Standing ovations and Oscar buzz are nothing new for Hollywood legend Robert Redford, who announced earlier this summer that “The Old Man and The Gun,” now screening at the Toronto International Film Festival and shot in Cincinnati, would be his last as an actor. If it’s true, the man who made you root for the bad guy in “Butch Cassidy and the Sundance Kid” comes full circle as the pleasant and polite bank robber with a heart of gold in “The Old Man and The Gun.”

The movie is based on the real-life story of Forrest Tucker, whose tale of robberies and jail breakouts first was told in an article in “The New Yorker.” The film, being shown as a special presentation this week at TIFF, also stars Sissy Spacek, Danny Glover and Casey Affleck and is directed by David Lowery. The movie was shot in and around Greater Cincinnati last year, transforming the city and environs into Texas, Oklahoma and other locations (Cincinnati residents will recognize one particular landmark—in one scene Carew Tower’s concourse plays a prominent role).

“Old Man and The Gun is an incredibly moving motion picture experience,” said Kristen Schlotman, executive director of Film Cincinnati. “Knowing it is Redford's final time on screen, and knowing he spent that time in Cincinnati, is something you won't want to miss.”

After its screening Monday night at the film festival, the cast and director joined the audience for a quick discussion of the movie with Redford, who’s also a producer of the movie, explaining why he chose this subject. “It just fit with my sensibility,” he said. “I’ve always been attracted to the idea of outlaws, I’ve played that out in my work a lot, and this just followed suit.”

Spacek said the process of making the movie with Redford was a seamless one. “We never rehearsed,” she said. “We just kind of sat down and did it.”

Redford jumped in, “You have to explain what that means,” as the audience laughed.

“Scenes,” she explained, “we did scenes! Gosh.”

Lowery said that he talked with the cast quite a bit before shooting. “And I was just crossing my fingers that the chemistry I anticipated between everybody would actually be there.”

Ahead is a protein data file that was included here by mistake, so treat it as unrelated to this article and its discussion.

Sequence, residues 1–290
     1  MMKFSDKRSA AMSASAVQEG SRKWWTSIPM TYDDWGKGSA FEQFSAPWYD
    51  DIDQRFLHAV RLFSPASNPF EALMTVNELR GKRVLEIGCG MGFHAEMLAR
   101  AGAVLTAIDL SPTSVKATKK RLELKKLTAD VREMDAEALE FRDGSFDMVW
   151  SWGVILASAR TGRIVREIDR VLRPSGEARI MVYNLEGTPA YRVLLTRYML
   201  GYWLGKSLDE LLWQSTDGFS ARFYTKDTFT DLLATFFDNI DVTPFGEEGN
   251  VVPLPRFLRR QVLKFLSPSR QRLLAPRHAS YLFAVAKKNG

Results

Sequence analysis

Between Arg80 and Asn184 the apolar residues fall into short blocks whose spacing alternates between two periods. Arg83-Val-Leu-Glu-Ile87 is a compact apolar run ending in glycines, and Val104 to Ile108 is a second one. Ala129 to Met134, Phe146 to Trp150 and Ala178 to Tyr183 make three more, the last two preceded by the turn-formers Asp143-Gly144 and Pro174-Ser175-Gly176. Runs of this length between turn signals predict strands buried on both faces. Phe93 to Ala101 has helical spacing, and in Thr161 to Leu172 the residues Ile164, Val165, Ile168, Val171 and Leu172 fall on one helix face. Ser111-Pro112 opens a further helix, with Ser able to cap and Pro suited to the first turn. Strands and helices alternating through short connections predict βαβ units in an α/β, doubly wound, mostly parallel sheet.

Redford said that was particularly important between his character and Affleck’s, the police officer focused on arresting Tucker. “The relationship that I had with Casey, and what he represented, he was the predator. And I represented the prey. And I’ve always been very attracted to the idea of the dynamic between predator and prey.

“The prey knows the predator’s going to come after him. And the predator knows he’s eventually going to get him. But in that contest, there’s a mutual understanding that becomes almost like a friendship. We understand what’s going on here, so maybe we can enjoy it. That’s how I felt about working with Casey’s character.”

The movie, set in the 1980s, looks very much like it was made 30 years ago, not just through the sets, but the film itself, shot not digitally but in 16mm. Lowery said that’s no accident. “I didn’t want the film to feel steeped in nostalgia but I wanted it to feel as if it was made in a different era, and the best way to do that is to the use the technology that was used back then. Obviously, the production design, the costumes, everything’s from that era, but the equipment we were using, trying to find a more old-fashioned way to approach the natural production.

“There’s a very tangible thing that happens when you’re on set and you hear film whirring through the camera, everybody just takes it a little more seriously because you just know that something is being captured at that moment.”

See more about the Cincinnati-made movie at TIFF at